DiscoverCircuits.com, has 45,000+ electronic circuits, cross-referenced into 500+ categories.    We have searched the web to help you find quick design ideas. We make every effort to link to original material posted by the designer.  Please let us if you would like us to link to or post your design.

 Circuits designed by David Johnson, P.E. Last Updated on: Friday, December 29, 2017 02:53 AM List of Dave's Circuit Designs The contents & graphics of Discovercircuits.com are copyright protected. LINKING to Dave's circuits is permitted but DO NOT COPY any files to your WEB SITE server DC CURRENT INDICATOR #4    December 15, 2008

The circuit below uses some common components to turn on an LED whenever DC current above a certain level is detected.  The circuit uses a very popular LM393 dual voltage comparator from National Semiconductor and a common 1N4148 signal diode.  The diode acts as a crude 0.7v voltage reference.  Only one of the comparators inside the 8 pin package is used.  A pair of resistors across the diode forms a voltage divider, which produce a reference voltage of about 0.015v. The circuit compares this reference voltage to a voltage produced across a current shunt resistor.  A section of wire already in place can be used as the current shunt.  The circuit can be used to indicate current drawn from a battery and routed to a load or current from a battery charger to the battery. Both circuits are shown on the drawing.  The circuit shows components for a 12v system but it will work well using any DC supply from 3v to 30v.
The circuit is sensitive enough that it can indicate fairly small currents through a section of thick wire.   As an example, an 18ga wire only 24 inches long will have a resistance of about 0.013 ohms.  The needed 0.015 volts will be generated with a current flow of about 1.2 Amps. If more sensitivity is needed, a longer section of wire can be used as a shunt resistor.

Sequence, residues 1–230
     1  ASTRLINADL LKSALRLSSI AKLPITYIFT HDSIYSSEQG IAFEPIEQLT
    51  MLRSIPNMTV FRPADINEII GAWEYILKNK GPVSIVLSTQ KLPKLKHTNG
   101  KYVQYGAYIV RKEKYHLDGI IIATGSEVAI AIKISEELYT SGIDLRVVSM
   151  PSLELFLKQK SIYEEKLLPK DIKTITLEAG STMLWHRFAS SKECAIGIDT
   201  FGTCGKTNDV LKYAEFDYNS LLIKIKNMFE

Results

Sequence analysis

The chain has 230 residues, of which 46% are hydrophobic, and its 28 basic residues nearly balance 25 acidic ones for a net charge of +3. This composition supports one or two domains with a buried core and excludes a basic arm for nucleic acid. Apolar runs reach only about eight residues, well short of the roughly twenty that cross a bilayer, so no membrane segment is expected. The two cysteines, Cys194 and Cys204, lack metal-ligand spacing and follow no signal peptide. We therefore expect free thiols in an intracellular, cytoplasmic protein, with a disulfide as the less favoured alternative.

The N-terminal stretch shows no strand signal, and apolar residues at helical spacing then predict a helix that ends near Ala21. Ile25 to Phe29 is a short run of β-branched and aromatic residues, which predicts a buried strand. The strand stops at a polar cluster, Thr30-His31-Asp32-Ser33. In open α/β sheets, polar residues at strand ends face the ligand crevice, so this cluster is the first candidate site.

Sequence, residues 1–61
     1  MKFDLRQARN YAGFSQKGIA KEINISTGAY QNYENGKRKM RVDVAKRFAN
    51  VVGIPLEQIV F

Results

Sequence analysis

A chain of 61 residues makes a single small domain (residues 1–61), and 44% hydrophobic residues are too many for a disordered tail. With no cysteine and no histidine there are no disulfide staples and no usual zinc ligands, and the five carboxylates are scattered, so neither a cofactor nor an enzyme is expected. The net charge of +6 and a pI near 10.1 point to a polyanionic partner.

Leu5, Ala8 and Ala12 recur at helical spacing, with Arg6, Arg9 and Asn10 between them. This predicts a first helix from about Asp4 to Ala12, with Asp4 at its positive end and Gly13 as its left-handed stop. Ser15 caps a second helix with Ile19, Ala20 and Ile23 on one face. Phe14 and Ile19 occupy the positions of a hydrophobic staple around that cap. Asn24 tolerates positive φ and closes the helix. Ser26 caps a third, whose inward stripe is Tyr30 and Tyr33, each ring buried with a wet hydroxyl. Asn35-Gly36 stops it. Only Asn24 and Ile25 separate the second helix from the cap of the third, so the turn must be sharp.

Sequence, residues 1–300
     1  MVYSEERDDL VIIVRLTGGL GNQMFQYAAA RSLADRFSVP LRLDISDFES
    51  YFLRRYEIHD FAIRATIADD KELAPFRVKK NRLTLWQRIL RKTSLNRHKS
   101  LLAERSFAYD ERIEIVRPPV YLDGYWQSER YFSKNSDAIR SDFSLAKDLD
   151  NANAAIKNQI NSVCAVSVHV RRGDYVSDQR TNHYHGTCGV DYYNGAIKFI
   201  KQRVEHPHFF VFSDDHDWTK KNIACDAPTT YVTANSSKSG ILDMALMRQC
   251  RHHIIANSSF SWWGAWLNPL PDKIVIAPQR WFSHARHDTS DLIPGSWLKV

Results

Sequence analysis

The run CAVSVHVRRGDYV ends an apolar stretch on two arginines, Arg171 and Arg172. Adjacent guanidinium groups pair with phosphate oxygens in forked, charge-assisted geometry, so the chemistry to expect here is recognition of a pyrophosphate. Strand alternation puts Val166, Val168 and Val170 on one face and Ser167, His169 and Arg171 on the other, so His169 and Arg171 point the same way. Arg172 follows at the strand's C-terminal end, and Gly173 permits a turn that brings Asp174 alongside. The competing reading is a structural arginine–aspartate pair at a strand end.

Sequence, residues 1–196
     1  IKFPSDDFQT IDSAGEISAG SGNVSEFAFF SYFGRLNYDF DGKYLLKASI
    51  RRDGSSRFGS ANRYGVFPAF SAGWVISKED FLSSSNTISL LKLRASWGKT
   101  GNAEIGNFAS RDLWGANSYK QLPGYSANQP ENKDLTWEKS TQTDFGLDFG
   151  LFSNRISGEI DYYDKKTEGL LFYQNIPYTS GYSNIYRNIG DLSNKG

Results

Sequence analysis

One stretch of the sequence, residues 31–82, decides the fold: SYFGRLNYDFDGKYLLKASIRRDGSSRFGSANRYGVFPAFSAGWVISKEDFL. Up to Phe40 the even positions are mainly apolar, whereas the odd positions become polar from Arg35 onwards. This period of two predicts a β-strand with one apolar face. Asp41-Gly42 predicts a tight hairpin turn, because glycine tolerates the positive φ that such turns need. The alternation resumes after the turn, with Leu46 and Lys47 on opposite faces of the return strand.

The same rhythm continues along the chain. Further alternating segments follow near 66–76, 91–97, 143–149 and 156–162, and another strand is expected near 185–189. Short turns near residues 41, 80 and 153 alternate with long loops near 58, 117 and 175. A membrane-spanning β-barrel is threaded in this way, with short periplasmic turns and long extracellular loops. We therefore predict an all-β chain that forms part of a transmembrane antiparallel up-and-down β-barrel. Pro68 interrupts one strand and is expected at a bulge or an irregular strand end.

Use Ohm’s Law to calculate the resistance needed.  Ohm’s Law equation is: E = RI, where R is the resistance in ohms, E is the voltage developed across the resistance in volts and I is the current flowing through the resistor in Amps.  If we set E at 0.015 volts and R at 0.0012 ohms, then I = 1.2 Amps.
Here is one example how this circuit might be used.  Suppose you have a large 12v battery, which supplies current to various loads inside a recreational vehicle (RV).  You noticed that a 10ga wire 10 feet long connects the battery negative terminal to a junction box.  You look up the resistance of the 10ga wire from a chart and out that the typical resistance is about 0.001 ohms per foot.  Therefore, if you used the battery negative terminal as one point of reference and the connection in the junction box as another point, then the resistance should be about 0.01 ohms.  If the current indicator circuit were connected between those two points, then the circuit should switch on the LED whenever current exceeding 1.5 Amps is drawn from the battery.

In another example, suppose you have a battery changer connected to a 12v lead acid battery.  The charger uses a pair of 18ga wires 12 feet long.  The resistance of 18ga wire is about 0.0064 ohms per foot, so the resistance of one of the 12 foot wires should be about 0.077 ohms.  Using the current indicator circuit and using the two ends of the cable as reference points, the LED should turn on whenever the charging current exceeds 0.20 Amps.  The indicator light should turn off when the battery is fully charged.

Here  is a link to a Table for Copper Wire List of Dave's Circuits
Dave's Circuits with Descriptions
Dave's Circuits by Category Custom Search